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EDITORIAL: Next semester is not going to be any easier — U.Va. must prepare itself

While the University should remain cautiously optimistic about next semester, we must acknowledge and adapt from the COVID-19 policy mistakes of the fall

With the spring semester on the horizon, the University must recognize the ever-growing risks this virus poses.
With the spring semester on the horizon, the University must recognize the ever-growing risks this virus poses.

This past weekend, Dean of Students Allen Groves sent an email to the entire student body about the COVID-19 pandemic and the approaching extended winter break. In the email, Groves correctly conveys that “it’s clear the pandemic will continue to be a backdrop to our lives for the rest of 2020 and well into 2021.” This email comes to us during a time in which students at the University continue to gather in large groups — even as we enter a new wave of the COVID-19 pandemic in our country. With a vaccine possibly on the horizon, the University must remain steadfast in its commitment to keeping students and Charlottesville safe. 

Before the fall semester, the University’s administration had a decision to make — bring students back to Grounds in the middle of a pandemic or move fully online to protect both the University and surrounding communities. The administration risked the lives of its students, the greater Charlottesville area and the communities to which students will now return. Additionally, the University inadequately prepared its faculty and staff — including student resident advisors — to continue working in person despite these risks. While its policies on COVID-19 have been ramped up, we must acknowledge that it never needed to be this bad — the University was perfectly capable of making decisions that would have protected all students. Moving forward, the University must learn from the mistakes it made this semester to create a safe environment for students to return to. 

When the semester first began, the Editorial Board wrote our thoughts on the University’s response to the pandemic — it felt like a horror movie. This fear was realized as students contracted the virus at alarming rates — there were more than 50 positive cases a day in mid-September — and entire dorms were forced into quarantine. Over 1,000 students contracted the virus while on Grounds this semester — and these are just the confirmed cases. Students complained about the ineffectiveness of Student Health and the overall difficulty in getting a test. The University brought students back despite being wildly unprepared to handle the virus — its testing capabilities were initially limited, which helped lead to large infection rates. 

In a previous editorial, we asked — “Whose lives will be collateral damage in the University’s ill-fated reopening experiment?” To the best of our knowledge, no one has died as a direct result of the University’s lack of precautions. We should all be thankful that we did not have to realize our worst-case scenario. Nevertheless, this accomplishment should not be blindly celebrated. Preventing deaths is the bare minimum — and the University must not operate from this standard moving forward. We hope to see the University hold onto and further the precautions it adopted — albeit too late in the semester — to mitigate any potential long-term health effects of the pandemic.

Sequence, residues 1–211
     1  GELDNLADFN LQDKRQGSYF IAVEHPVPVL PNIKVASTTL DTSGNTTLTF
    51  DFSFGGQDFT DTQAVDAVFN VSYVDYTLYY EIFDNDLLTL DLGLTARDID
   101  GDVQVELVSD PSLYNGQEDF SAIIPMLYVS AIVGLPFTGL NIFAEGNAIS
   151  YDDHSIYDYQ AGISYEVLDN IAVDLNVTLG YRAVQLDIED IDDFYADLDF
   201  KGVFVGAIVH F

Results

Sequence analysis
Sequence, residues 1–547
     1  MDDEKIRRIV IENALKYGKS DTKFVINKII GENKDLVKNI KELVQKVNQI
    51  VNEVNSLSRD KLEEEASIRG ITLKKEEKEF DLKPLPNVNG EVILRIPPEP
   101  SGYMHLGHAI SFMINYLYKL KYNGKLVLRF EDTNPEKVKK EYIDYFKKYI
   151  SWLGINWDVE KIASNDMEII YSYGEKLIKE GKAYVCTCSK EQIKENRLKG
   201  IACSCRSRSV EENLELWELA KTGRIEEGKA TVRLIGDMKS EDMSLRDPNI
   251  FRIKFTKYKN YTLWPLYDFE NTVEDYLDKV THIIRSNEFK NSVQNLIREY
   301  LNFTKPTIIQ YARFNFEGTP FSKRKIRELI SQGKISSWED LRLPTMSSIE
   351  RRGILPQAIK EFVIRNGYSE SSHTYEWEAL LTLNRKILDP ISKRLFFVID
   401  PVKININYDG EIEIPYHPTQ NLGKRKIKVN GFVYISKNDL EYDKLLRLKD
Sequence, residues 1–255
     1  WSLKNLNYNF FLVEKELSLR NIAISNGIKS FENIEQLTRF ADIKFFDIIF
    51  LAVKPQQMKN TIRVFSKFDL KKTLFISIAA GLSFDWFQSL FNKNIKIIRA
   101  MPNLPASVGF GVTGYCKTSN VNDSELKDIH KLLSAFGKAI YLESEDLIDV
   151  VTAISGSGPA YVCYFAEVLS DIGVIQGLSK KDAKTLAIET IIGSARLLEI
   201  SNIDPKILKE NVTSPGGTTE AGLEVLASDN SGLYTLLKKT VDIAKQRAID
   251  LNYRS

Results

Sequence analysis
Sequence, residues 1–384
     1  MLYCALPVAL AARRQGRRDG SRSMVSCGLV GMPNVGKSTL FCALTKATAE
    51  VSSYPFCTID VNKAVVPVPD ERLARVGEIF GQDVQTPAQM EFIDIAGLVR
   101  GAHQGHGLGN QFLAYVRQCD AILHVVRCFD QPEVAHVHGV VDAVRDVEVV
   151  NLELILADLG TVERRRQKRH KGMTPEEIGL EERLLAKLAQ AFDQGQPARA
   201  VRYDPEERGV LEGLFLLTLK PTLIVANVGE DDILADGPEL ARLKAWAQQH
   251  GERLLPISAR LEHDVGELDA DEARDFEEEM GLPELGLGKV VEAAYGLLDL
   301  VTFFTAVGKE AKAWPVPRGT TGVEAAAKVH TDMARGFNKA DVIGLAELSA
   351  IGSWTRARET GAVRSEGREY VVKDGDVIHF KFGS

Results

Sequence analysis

As the semester progressed, the University stepped up its policies addressing the pandemic, with on-Grounds students receiving tests every nine days and off-Grounds students being randomly selected for prevalence screening. In response to a rapid rise in cases, the administration enforced a new, more restrictive gathering limit of five people. The COVID-19 dashboard shows the effect of these policies, as the number of cases sharply declined in the weeks that followed. Provost Liz Magill instituted an optional credit/general credit/no credit system for the fall semester and quickly extended it to cover January and spring terms. These policies represent the University’s best efforts to adapt to difficult times and support its students. While imperfect, the administration should be given credit where credit is due. However, we should be mindful of keeping the University in check.

With the spring semester on the horizon, the University must recognize the ever-growing risks this virus poses. It is not subsiding — rather, cases continue to rise at record rates. This clearly indicates the need for an even stronger approach if the University is to safely bring students back in the spring. The potential for even more students on Grounds and more in-person class offerings next semester only worsens the risk of the virus spreading. As we near the possibility of a vaccine, students must remember to continue to act responsibly — the pandemic is far from over.

Moving forward, the University must continue its widespread testing efforts and focus on increasing the testing availability for off-Grounds students. Its decision to push back the start of the spring semester demonstrates a good first step, but this must be matched by aggressive testing that ensures another thousand students do not contract this virus. The twists and turns of the fall’s horror movie are fading — we can’t let there be a sequel.


The Cavalier Daily Editorial Board is composed of the Executive Editor, the Editor-in-Chief, the two Opinion Editors, their Senior Associate and an Opinion Columnist. The board can be reached at eb@cavalierdaily.com.

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